While Francis was still installing the filtering system, the community had started putting the tank on the tank stand. The tank is about 10 feet tall and probably 8 feet in diameter. The tank stand is a cement structure about 5 feet tall. The men had built a ramp out of a few wood planks and rolled the tank onto the tank stand. The tank was on the stand; however it was lying on its side and there was an electrical wire right above it going from a wooden pole to the PPE building. After much discussion and planning, all of which was in Twi and incomprehensible to us, the men had devised a way to stand the tank up on its base, just missing the electrical wires.
Next we took a break and talked to the kids some more. They had just cleared a patch of sugar cane near the community tap where we had to dig trenches to lay pipe. They chopped the sugar cane into smaller pieces and gave it to us to chew. The cane was very tough on the outside, but once I was able to expose the sugary fibers it was very sweet and refreshing. After the quick break, we returned inside the building to watch Francis finish the sachet machine system. In a matter of about an hour he had already installed all the necessary piping, filters, and electrical finishings. He was only using the blade of a hack saw, plumbing glue, and thread tape but had quickly finished the sachet room.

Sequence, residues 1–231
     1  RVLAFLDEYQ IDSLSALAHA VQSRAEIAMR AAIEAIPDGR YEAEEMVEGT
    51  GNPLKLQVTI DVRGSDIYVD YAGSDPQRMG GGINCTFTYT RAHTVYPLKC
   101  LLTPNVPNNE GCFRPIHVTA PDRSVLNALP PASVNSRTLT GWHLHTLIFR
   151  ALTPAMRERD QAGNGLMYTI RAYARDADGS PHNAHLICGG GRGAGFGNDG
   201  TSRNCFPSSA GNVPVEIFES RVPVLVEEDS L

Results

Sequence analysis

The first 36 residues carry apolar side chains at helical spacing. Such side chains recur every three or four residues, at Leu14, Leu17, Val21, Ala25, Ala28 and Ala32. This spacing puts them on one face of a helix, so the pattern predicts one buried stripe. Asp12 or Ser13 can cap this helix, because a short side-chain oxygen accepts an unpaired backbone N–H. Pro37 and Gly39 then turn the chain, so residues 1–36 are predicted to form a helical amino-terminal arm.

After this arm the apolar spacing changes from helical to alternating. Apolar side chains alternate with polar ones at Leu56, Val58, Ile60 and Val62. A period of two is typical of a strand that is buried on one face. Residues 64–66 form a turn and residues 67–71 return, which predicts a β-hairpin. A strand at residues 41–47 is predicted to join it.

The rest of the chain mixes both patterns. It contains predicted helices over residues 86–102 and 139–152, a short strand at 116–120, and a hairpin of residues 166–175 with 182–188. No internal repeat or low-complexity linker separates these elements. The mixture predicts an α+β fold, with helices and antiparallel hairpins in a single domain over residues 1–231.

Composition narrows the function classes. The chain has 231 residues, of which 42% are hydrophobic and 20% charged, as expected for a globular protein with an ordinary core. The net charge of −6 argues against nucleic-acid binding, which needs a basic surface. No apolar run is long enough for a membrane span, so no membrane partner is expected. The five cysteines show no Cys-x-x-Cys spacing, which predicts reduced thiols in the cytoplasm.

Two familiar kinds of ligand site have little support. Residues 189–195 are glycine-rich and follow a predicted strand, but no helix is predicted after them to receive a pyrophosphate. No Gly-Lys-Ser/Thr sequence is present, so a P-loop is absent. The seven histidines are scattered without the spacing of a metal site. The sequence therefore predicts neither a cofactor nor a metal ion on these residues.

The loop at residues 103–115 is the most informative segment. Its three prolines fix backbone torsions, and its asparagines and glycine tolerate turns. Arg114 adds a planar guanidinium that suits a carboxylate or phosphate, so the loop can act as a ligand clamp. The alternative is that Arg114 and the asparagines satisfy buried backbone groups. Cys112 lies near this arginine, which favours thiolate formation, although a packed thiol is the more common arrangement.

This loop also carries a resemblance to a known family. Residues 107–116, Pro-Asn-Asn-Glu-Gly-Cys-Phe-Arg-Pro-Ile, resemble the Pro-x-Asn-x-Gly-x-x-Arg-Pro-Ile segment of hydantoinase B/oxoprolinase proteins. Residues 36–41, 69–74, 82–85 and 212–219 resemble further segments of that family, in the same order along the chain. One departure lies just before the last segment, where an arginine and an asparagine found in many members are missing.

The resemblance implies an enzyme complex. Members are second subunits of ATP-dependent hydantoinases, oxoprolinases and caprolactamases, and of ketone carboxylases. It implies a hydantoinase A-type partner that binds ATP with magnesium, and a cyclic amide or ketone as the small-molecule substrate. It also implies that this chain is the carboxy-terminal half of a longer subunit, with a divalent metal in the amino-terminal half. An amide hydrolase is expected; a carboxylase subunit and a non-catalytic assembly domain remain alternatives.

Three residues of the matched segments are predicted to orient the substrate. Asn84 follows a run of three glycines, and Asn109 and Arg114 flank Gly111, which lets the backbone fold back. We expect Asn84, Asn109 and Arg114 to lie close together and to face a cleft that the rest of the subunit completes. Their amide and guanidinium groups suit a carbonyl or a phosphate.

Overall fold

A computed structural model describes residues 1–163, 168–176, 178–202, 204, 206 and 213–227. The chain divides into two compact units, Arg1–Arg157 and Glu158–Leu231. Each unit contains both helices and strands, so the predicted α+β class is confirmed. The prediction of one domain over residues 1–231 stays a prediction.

After finishing the inside of the building, he moved outside to connect a few of the pipes in the trench and prepare them for connection to the pump and community taps. We helped out by burying some of the pipe. We realized that the trenches were not as deep as we had designed for. We asked for the pipes to be 12 inches below grade; however they had only dug the trenches 6 inches. We planned to re-dig the pipe after lunch. But when we returned from lunch, which lasted about an hour, Francis had already finished the connecting all the pipe. Because the pipe is connected at the tank and at the community tap, we can no longer dig the trenches deeper without cutting the pipe.. We’ve decided as a safety measure we will resurface the ground around the pipe to ensure that rain water would flow away from the buried pipes to decreases the possibility of eroding our cover soil.